The October paper examined the effects of climate change on populations of 155 species of British moths and butterflies. According to a press release from the authors’ institution, the University of York:
Using data collected by thousands of volunteers through ‘citizen science’ schemes, responses to recent climate change were seen to vary greatly from species to species.
In our recent Research Article “Individualistic sensitivities and exposure to climate change explain variation in species’ distribution and abundance changes” (1), we presented an analysis relating species-specific measures of sensitivity and exposure to climate, to species’ recent population changes. While our measure and interpretation of species’ climate sensitivity remain correct, we now recognize our interpretation of the exposure measure was inaccurate: Our climate models included an intercept, representing a nonzero average population growth rate; thus, the exposure measure incorporated not only climate effects but other nonclimatic—and potentially unmeasured climatic—effects as well. While our results still demonstrate that a significant proportion of variation in population trends can be explained by exposure and sensitivity, the correct interpretation of the exposure measure means that the explained variation is not solely due to climate. As such, our conclusion that a large proportion of variation in population changes can be explained by individualistic responses to climate is misleading. Given this, and to avoid confusion, we are wholly retracting the Research Article, and we apologize that this was not picked up sooner.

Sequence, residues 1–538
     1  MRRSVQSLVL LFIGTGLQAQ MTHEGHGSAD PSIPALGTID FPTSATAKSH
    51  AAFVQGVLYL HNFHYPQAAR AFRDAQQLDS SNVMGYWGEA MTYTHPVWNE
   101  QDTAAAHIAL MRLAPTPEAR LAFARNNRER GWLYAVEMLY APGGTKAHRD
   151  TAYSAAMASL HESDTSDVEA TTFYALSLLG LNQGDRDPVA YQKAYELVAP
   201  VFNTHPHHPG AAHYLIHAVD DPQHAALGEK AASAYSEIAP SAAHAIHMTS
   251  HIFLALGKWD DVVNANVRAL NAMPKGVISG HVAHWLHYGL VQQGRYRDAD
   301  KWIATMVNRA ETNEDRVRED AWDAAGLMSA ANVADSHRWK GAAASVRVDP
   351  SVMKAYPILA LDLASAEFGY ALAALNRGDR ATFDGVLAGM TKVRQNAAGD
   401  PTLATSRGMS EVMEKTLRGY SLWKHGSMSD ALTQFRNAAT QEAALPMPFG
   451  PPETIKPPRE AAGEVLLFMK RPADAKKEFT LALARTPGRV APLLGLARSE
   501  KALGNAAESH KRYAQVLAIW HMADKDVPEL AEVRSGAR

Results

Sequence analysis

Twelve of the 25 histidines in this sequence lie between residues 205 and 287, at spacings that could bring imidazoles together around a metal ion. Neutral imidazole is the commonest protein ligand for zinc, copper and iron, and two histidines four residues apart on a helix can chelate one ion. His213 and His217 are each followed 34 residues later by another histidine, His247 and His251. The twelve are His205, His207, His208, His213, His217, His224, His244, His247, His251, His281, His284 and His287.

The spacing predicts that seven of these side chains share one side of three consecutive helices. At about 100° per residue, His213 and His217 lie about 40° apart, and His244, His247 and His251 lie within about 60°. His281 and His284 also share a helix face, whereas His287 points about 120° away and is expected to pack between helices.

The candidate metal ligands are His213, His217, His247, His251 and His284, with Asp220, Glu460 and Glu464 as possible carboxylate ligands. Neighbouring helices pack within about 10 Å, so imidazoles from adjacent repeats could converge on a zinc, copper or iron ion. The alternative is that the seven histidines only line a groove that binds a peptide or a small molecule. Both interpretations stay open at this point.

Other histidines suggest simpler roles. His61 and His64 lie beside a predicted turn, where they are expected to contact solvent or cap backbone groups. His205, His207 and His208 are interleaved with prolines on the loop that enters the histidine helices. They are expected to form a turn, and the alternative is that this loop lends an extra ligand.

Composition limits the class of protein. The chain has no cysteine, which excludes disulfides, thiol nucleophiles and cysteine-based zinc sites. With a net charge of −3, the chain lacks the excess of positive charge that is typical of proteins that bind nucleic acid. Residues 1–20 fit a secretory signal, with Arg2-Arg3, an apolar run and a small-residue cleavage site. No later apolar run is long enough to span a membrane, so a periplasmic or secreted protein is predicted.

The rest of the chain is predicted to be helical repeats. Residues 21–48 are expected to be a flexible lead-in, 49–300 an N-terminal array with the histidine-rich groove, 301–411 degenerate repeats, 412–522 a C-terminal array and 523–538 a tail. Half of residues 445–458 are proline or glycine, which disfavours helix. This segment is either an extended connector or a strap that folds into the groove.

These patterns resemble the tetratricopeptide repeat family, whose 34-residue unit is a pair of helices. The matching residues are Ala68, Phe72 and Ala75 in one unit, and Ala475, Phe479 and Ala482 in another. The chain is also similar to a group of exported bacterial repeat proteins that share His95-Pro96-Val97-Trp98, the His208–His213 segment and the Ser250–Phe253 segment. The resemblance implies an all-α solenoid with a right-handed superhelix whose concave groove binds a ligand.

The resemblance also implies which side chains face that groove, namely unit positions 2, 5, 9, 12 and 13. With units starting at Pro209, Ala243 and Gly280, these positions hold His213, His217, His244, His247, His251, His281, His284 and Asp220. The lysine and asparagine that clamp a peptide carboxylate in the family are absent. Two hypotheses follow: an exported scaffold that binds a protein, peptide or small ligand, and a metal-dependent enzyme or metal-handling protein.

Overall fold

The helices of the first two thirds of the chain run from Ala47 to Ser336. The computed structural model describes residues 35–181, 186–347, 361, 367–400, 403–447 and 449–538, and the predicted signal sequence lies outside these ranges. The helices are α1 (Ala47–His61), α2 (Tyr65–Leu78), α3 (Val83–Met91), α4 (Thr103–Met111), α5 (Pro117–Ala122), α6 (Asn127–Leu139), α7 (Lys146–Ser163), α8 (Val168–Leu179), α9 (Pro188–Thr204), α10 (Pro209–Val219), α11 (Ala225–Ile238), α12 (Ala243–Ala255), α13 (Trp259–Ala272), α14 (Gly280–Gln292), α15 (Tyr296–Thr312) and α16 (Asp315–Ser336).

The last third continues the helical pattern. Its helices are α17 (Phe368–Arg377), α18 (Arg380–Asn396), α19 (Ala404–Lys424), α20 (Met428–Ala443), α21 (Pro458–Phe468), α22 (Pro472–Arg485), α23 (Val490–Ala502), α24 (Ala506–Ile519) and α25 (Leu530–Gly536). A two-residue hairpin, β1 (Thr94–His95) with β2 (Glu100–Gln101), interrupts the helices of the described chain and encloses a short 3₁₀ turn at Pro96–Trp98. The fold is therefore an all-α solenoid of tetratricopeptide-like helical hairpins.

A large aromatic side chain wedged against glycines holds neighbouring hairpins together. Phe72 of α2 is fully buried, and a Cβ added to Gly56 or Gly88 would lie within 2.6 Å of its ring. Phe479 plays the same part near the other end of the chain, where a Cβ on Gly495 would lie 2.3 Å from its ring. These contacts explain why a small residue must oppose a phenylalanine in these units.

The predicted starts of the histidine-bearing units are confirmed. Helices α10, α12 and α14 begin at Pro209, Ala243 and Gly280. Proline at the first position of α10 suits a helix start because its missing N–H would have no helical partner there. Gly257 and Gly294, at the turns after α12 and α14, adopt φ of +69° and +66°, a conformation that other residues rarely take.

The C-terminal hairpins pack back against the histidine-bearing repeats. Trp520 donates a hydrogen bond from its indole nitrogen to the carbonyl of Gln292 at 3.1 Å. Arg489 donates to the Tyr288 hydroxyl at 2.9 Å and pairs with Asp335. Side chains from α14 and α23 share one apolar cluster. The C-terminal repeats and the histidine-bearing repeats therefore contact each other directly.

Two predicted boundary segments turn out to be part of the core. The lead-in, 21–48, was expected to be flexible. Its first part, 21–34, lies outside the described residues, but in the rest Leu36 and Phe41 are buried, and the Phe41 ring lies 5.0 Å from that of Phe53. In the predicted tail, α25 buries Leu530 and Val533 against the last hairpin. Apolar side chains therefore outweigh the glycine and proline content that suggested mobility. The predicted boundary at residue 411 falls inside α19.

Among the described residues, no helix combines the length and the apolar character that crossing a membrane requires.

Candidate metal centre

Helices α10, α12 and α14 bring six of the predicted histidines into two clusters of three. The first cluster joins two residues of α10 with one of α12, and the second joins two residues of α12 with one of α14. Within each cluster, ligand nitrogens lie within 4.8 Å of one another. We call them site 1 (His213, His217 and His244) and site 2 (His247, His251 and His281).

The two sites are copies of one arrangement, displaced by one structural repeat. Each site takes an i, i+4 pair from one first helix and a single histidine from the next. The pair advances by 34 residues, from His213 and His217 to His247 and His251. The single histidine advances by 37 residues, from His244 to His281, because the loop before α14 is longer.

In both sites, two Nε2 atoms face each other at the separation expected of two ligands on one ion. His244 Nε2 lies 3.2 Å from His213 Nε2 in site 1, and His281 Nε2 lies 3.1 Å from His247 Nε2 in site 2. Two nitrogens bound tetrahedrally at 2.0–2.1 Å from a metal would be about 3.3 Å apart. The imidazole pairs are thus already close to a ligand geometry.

The paper — which is not yet indexed by Thomson Reuters Web of Science — was covered by IFLScience when it appeared.
Marcia McNutt, editor in chief of the Science family of journals, told us that the authors came forward with the error:
I felt that their explanation for why the paper was being retracted was a model for clarity in that it exactly explained to the readership the exact shortcomings that led to the decision.
Indeed, authors who act so quickly and transparently to explain what went wrong get our “doing the right thing” label.
Hat tip: Rolf Degen
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